Tuesday, 1 March 2016

Greenwell’s Glory (NZ168464)

William Greenwell was born in 1820 at Greenwell Ford, a little to the south of Lanchester, Co.Durham. He lived a long and full life, dying a few weeks short of his 98th birthday in January 1918 - and, being born into a life of some privilege, he was accorded many opportunities during his extended stay on the planet. However, Greenwell is best remembered for something remarkably trivial.

He was educated at Durham School and at University College, Durham, before shunning a career as a barrister in London, deciding instead to return to the North-East and a life in the church. In 1854, he was appointed canon of Durham Cathedral (a post which he held until his death), and dabbled, too, in the life of the university. He was also an archaeologist, and became a leading light in the various clubs and societies of the region which were dedicated to the pastime. He excavated sites at Danes Graves, Yorkshire, and Grimes Graves, Norfolk, and amassed an immense collection of artefacts, which is now held by the British Museum.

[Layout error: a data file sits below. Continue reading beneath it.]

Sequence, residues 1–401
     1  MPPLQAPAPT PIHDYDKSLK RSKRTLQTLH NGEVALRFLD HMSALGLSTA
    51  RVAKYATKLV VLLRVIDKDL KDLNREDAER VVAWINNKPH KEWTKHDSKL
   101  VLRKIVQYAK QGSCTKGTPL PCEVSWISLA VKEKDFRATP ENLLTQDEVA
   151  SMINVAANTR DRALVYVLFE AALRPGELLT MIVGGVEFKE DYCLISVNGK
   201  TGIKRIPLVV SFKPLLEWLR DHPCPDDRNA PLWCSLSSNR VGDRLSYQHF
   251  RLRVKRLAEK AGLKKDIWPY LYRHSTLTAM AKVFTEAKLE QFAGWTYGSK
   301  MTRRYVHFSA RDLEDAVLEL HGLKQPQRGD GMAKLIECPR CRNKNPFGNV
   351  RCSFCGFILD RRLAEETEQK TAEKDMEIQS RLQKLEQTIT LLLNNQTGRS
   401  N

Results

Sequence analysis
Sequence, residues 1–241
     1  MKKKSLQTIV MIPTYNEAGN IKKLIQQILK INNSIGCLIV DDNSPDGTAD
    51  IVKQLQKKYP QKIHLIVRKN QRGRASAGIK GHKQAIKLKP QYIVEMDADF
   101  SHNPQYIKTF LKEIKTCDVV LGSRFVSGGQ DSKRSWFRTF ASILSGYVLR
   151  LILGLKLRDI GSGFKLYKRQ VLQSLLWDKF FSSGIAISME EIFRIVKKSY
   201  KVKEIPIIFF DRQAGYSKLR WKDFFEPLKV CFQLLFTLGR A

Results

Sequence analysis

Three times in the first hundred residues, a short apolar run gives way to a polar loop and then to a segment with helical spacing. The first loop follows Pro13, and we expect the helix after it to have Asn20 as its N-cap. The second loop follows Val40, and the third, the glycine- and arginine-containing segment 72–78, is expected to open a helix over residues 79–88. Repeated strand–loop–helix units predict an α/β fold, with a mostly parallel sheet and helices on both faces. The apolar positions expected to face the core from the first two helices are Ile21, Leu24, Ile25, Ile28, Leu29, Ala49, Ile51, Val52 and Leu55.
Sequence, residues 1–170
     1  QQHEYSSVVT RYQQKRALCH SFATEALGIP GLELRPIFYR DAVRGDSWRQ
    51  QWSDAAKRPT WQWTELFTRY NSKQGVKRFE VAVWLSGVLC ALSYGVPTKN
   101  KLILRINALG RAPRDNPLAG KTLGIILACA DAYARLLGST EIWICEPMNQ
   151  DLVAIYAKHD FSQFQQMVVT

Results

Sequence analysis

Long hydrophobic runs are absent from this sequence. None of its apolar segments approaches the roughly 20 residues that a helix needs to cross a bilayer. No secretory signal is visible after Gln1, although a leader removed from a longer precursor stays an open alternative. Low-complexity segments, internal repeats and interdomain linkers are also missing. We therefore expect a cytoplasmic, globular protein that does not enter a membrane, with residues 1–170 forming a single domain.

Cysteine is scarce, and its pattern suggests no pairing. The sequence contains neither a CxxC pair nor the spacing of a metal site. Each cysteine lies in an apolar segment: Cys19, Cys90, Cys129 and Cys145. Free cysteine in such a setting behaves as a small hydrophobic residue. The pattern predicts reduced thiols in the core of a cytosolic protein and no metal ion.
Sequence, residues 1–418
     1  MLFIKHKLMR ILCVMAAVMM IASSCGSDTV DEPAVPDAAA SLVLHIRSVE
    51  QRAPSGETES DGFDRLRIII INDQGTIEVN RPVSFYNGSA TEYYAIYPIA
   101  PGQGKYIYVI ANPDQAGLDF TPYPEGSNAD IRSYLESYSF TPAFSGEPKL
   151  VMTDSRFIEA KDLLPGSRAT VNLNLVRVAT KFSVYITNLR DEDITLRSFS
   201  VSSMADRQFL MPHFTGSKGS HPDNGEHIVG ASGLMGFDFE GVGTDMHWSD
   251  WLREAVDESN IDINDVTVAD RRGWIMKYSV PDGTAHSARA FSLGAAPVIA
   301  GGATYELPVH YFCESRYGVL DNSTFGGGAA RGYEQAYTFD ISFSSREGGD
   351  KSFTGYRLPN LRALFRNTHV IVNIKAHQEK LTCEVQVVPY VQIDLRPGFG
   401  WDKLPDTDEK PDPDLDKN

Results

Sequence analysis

His greatest claim to fame, though, is the delightfully named ‘Greenwell’s Glory’ - a trout fly for flyfishing, created for him by famed fly-dresser, Jimmy Wright of the Borders. It came about following a day of disappointment for Greenwell whilst fishing in the Tweed; whereupon a visit to Mr Wright brought about a new creation based on the canon’s observations of the day. The new design was fashioned thus:

The wings, inside of a blackbird wing; body, red and black hackle; tied with yellow silk.

Simple, yet highly effective, as, the very next day, Greenwell returned to Mr Wright’s abode with his creel and pockets bulging with trout - and the name ‘Greenwell’s Glory’ was born in the ensuing celebration. This is all thought to have happened in the mid 1850s, but the new fly soon caught on, and, indeed, is still with us today.  

No comments:

Post a Comment